English in Swedish product packages: An exploratory study of how English is used in product packages sold in the dairy section in Swedish retail2014Independent thesis Basic level (degree of Bachelor), 10 credits / 15 HE creditsStudent thesis
    Abstract [en]

    This study explores the use of English in the texts of product packages sold in Swedish retail. This includes looking at the proportion of English of the packages of four brands God Morgon, Froosh, Oatly and Wellness, as well as exploring what moves are most likely to be in English and furthermore, what cultural values are conveyed by the texts. The most significant findings are that the proportion of English varies among both between and within the brands, depending on the specific niche the products have. Furthermore, in line with previous studies, English is mainly found in the attention-grabbing moves such as headlines and leads, whereas Swedish is more frequent in the copy which serves a more explanatory and detailing function. This is true except for the texts of the brand Oatly, with the main copy also in English. The cultural values conveyed by the texts, finally, both support previous findings, but it may be suggested that some of the values, such as nature and morality, have just recently begun to be associated to English.

  • 207.
    Bohman, Rickard
    Stockholm University, Faculty of Humanities, Department of Scandinavian Languages.
    Tycker du om dem här?: En sociolingvistisk undersökning av högskolestudenters attityder till olika former av språkbruk2012Independent thesis Advanced level (degree of Master (One Year)), 10 credits / 15 HE creditsStudent thesis
  • 208.
    Bolton, Kingsley
    Stockholm University, Faculty of Humanities, Department of English.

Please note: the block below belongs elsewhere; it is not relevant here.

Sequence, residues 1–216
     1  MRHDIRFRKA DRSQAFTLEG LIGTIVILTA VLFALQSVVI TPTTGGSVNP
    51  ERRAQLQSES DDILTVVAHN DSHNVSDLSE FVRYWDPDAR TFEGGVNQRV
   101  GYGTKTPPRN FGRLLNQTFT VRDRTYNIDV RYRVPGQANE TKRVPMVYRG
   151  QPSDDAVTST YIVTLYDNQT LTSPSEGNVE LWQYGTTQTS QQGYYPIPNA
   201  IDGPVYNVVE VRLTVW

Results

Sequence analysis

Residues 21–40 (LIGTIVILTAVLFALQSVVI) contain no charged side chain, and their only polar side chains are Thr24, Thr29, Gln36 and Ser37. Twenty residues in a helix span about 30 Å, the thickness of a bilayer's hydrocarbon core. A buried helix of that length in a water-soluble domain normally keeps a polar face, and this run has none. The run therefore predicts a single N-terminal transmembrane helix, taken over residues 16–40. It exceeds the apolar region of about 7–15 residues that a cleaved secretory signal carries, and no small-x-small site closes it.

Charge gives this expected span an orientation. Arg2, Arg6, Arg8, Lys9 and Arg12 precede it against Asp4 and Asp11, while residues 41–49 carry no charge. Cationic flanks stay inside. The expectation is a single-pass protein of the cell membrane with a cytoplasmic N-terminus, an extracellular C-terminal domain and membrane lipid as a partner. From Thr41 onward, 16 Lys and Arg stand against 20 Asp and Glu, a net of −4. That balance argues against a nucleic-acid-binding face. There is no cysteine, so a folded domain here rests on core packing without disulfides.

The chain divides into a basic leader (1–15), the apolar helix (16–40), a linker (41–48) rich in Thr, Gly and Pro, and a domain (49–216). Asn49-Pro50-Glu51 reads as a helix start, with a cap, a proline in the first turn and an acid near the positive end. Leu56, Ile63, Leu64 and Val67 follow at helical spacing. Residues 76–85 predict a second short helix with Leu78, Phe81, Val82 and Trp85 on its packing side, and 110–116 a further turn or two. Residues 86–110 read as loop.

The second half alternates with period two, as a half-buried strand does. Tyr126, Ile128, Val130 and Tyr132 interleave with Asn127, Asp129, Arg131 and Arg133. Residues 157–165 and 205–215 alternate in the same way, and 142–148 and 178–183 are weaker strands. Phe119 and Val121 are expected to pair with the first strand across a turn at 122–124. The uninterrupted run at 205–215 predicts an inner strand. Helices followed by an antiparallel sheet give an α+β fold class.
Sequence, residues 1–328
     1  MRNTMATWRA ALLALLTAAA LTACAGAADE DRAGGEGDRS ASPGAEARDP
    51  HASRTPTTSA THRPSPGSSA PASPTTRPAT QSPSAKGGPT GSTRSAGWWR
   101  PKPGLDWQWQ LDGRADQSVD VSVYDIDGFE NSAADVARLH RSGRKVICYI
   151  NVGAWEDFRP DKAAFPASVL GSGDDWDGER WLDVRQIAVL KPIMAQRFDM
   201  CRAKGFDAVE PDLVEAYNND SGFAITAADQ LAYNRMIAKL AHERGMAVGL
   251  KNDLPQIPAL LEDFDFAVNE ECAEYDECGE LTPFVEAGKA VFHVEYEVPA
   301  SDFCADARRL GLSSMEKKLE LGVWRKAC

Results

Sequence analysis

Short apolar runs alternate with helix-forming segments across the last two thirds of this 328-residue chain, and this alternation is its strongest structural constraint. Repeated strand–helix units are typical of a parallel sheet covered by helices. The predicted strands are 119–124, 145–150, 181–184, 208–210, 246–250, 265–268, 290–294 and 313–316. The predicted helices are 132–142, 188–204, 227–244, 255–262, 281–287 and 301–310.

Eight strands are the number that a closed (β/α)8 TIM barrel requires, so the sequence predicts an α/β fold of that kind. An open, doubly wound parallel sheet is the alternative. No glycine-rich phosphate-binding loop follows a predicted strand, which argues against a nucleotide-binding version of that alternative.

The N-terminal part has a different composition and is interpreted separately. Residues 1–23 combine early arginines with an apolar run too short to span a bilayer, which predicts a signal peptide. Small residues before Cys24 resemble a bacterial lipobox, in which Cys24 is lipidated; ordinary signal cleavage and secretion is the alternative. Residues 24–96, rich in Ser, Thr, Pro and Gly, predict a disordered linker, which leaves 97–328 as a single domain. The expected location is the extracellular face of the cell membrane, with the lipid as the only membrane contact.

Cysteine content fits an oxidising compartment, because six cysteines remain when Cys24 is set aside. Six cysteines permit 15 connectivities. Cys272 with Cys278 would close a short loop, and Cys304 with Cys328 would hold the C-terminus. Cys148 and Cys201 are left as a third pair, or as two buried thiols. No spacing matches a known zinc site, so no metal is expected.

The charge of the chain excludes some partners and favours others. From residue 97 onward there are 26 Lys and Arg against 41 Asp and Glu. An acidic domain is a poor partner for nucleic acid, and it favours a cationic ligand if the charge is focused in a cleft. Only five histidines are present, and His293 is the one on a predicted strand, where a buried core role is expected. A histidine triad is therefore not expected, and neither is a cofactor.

Introduction to Asian sociolinguistics2001In: Language and Society in Hong Kong, The Open University of Hong Kong, Hong Kong , 2001, 1-35 p.Chapter in book (Other academic)
  • 209.
    Bolton, Kingsley
    Stockholm University, Faculty of Humanities, Department of English.
    Language and hybridization: Pidgin tales from the China coast2000In: Interventions, Vol. 2, no 1, 35-52 p.Article in journal (Refereed)
  • 210.
    Bolton, Kingsley
    et al.
    Stockholm University, Faculty of Humanities, Department of English.
    Aylward, LouiseLevine, Paul
    Language and Society in Hong Kong2001Collection (editor) (Other academic)
  • 211.
    Bolton, Kingsley
    et al.
    Stockholm University, Faculty of Humanities, Department of English.
    Bacon-Shone, John
    University of Hong Kong.
    Bilingualism and multilingualism in the HKSAR: language surveys and Hong Kong’s changing linguistic profile2008In: Language and society in Hong Kong / [ed] Kinglsey Bolton, Han Yang, Hong Kong: Open University of Hong Kong Press , 2008, 25-51 p.Chapter in book (Other academic)
  • 212.
    Bolton, Kingsley
    et al.
    Stockholm University, Faculty of Humanities, Department of English.
    Bauer, Robert
    The Hong Kong speech community2001In: Language and Society in Hong Kong, The Open University of Hong Kong, Hong Kong , 2001, 1-38 p.Chapter in book (Other academic)
  • 213.
    Bolton, Kingsley
    et al.
    Stockholm University, Faculty of Humanities, Department of English.